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By Ann Bryant

December 06, 2007 2:00 AM

MadagascarRussell Aharonian's resume is long. Actually, it's pretty much an arduous read. Show after show in this area, solo and otherwise, prove that he's been a part of this community for a long time. His last show was the Teeny Tiny Art Show at Three Graces.

The other day he wrote me a note that he'd hung a new show. I figured I'd stop in and see what was up.

His pieces, hanging now at Dos Amigos, are enigmatic and energetic.

Some are the stuff of bad dreams while others are gestural dances; newly coagulated jumbles of gold leaf, string, screws, plastic bits and, as it seems, pretty much anything else he could get his hands on.

Details sometimes weigh heavier than overall effects, and you could find yourself either steeped in the momentary simplicity of recognizing a familiar found object like fishing line. I didn't often find that the finished products of these pieces were as satisfying as delving into what they were made of- following that fishing wire around its twists and discovering what was making it hold its shape led my eyes over the entirety of compositions.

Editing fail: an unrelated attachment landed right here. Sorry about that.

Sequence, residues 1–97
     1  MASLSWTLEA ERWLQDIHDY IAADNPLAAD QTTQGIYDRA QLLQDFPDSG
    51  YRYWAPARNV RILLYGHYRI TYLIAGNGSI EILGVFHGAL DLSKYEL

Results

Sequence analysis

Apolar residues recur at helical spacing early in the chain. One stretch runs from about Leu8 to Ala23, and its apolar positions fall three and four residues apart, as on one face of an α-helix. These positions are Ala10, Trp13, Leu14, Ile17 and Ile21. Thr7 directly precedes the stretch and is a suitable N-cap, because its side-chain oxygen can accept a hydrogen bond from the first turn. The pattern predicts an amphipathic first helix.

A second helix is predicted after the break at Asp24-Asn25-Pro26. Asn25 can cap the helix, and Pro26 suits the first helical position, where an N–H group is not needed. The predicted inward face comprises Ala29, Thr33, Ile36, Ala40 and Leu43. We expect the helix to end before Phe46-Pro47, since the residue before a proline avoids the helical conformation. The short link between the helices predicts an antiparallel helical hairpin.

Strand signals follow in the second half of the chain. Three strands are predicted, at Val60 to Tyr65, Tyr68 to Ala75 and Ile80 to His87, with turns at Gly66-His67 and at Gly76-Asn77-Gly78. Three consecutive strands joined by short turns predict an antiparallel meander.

They are odd and they are loud. They do emit an energy.

I'd say my favorite was "Blue," a small piece that was in itself a newly hewn object of desire. It was this precious thing, like a little machine or oddity. A gem.

"Madagascar" was another great collage. Eyes spring out toward you from the rough surface busy with gold leaf and detail from a collage underneath a shiny laquered finish. The face, with a mask, is haunting and the image, assembled oddly in this way, is foreign and disarming though somehow proud. What a great piece.

If you ask me, the challenge of collage and assemblage is making something new. The process of collecting beads, shiny things, and metal bits and then somehow arranging them into something that speaks to a broad audience is a tricky thing. Aharonian knows how to yelp, guffaw, gasp and laugh.

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